Gold’s Best Quarter Since 1986

To say that gold has done well in the first quarter of 2016 would be a tremendous understatement. Not only has gold outshined every other asset class since January of 2016, including stocks, bonds and oil; but the yellow metal has turned in its best performing quarter since 1986.
There have been several forces driving gold: a precarious stock market, lack of confidence in the Federal Reserve and other central banks, a more frequent imposition of negative interest rates by European banks, and a contracting global economy largely brought on by declining oil prices.
Shaky investor confidence rocked the equities markets in the first six weeks of 2016. Even though stocks rallied around February 11, the decline was sufficient to motivate investors to flock to gold as a safe haven. Gold is negatively correlated to the stock market, so it wasn’t entirely surprising when it exploded to the upside over 16%. A rally in commodities also helped the gold market. But when stocks began to fail earlier in the year, panicking investors craved a safe outlet for funds normally earmarked for stocks.
European Central Bank President, Mario Draghi, has implemented quantitative easing for a number of years now in the Eurozone, without having ignited a significant jump-start to the European economy or relief from widespread deflation. Wary of the ECB’s failure to ignite economic growth, investors turned to gold for safety and security. The same investor distrust could be seen here in the U.S. when investors lost confidence in the Fed after Janet Yellen and the board of Governors softened their initial plan for a series of rate increases.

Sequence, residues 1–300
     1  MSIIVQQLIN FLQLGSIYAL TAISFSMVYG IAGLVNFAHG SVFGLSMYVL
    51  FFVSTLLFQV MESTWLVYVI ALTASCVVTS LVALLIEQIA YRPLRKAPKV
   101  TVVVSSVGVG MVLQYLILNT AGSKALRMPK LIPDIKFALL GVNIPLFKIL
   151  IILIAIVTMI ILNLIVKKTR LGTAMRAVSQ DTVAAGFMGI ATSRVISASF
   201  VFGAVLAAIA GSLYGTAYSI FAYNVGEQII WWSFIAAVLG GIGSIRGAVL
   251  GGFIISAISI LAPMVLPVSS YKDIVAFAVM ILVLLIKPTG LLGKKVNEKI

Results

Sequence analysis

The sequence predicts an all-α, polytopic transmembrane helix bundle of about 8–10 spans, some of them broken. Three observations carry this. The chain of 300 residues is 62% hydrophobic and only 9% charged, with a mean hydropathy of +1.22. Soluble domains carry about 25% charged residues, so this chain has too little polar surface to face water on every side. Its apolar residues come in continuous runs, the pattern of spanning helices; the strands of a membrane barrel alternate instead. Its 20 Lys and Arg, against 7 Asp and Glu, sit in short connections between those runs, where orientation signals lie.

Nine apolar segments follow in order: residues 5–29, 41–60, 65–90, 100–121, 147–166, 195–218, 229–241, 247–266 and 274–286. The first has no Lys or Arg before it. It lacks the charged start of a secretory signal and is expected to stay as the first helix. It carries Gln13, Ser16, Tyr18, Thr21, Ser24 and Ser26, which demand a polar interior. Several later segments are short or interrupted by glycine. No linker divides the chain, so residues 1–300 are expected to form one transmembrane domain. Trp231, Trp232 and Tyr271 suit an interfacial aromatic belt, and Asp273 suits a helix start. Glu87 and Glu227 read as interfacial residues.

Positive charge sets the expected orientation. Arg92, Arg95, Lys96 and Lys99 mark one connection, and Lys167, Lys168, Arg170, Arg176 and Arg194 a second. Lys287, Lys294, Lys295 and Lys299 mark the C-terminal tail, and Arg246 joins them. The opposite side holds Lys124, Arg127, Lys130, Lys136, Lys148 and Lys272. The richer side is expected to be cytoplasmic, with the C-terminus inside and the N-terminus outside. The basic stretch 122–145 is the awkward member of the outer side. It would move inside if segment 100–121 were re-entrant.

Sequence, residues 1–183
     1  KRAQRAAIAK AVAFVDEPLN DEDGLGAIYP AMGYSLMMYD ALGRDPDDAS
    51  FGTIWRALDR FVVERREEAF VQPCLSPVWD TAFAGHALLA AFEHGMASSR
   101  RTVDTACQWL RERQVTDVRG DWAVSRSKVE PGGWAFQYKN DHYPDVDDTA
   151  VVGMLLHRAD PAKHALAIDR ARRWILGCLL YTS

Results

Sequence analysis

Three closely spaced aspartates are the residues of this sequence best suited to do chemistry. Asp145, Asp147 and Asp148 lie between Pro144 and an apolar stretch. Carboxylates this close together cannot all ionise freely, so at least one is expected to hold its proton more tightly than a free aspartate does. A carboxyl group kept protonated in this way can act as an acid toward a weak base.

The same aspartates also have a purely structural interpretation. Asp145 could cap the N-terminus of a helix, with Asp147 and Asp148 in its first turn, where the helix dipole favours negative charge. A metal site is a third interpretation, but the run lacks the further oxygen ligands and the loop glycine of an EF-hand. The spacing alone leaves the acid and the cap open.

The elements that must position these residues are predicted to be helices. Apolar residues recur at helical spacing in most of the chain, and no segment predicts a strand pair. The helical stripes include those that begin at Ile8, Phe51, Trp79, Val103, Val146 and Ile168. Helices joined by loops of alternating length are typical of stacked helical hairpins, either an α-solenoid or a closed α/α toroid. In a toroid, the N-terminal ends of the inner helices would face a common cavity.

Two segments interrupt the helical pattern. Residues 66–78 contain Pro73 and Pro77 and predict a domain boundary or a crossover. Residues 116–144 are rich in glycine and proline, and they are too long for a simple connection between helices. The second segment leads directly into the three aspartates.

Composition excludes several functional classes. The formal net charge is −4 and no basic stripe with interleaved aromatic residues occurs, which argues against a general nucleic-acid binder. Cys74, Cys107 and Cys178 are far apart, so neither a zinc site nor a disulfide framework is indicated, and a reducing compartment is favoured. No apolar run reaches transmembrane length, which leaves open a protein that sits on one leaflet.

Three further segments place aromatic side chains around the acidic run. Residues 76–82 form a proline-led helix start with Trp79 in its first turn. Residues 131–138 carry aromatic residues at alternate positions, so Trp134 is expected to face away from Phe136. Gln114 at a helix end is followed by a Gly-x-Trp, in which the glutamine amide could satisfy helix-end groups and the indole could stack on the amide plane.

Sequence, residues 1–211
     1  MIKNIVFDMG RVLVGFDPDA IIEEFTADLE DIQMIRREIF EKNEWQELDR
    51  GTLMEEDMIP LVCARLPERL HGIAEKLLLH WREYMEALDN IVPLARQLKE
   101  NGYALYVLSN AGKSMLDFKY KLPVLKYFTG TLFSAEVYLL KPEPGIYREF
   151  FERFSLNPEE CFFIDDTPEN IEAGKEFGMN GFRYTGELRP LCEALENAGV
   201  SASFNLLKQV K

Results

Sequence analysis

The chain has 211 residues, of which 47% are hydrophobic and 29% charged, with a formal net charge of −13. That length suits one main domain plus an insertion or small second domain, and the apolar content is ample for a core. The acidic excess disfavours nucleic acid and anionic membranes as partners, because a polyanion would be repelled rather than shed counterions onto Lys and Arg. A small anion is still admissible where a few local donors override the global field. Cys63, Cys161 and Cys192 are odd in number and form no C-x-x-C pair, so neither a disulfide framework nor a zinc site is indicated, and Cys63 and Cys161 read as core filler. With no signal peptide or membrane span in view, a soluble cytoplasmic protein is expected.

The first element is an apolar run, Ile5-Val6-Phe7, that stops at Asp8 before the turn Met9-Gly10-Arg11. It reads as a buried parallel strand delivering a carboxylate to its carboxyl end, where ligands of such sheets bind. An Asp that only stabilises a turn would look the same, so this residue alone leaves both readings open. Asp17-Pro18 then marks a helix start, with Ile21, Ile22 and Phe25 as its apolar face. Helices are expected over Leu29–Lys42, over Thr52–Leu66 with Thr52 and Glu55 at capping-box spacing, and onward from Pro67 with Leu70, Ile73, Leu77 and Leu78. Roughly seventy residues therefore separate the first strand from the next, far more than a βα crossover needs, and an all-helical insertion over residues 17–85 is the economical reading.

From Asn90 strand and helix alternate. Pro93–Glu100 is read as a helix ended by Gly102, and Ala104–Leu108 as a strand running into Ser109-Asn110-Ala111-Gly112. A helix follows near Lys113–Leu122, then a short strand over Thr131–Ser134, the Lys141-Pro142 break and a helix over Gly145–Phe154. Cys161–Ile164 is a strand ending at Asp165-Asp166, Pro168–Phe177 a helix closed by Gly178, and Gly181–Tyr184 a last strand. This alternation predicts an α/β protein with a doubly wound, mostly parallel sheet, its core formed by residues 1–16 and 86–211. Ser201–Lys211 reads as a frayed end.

Traditionally, interest-bearing bank accounts and bonds have been gold’s biggest competitor for investment funds. Investors’ point of view has always been if they can earn interest on their money, there’s no reason for them to invest in gold, which, after all, yields no interest. But when countries like Sweden, Denmark and Switzerland started applying negative rates of interest to bank accounts, investors all over Europe began to move money to gold. Here in the United States, we saw the same phenomenon when, last November, Janet Yellen suggested negative rates were an option that remained “on the table.” Investors, in other words, became alarmed when it occurred to them they actually could be charged to keep their money in the bank. Under the circumstances, investing money in gold seemed a much more promising opportunity.
When demand for oil dropped, its price followed accordingly. As a result, the bottom dropped out of many types of business across the planet early in 2016. European consumers found themselves unable to afford products manufactured in the U.S. due to the strong dollar, so export business suffered in this country. China’s devaluation of its yuan as well as its own economic slowdown set off an immense contraction of the global economy at large.
A confluence of all the above forces contributed to the surge in the gold price to give the shiny metal its biggest quarter in thirty years. Gold hit its all-time high of $1,917.90 in August, 2011. Inasmuch as markets have memory, and gold’s high has been $1,280 thus far in 2016, we suggest you consider investing in physical gold, since it still has room to move much higher.

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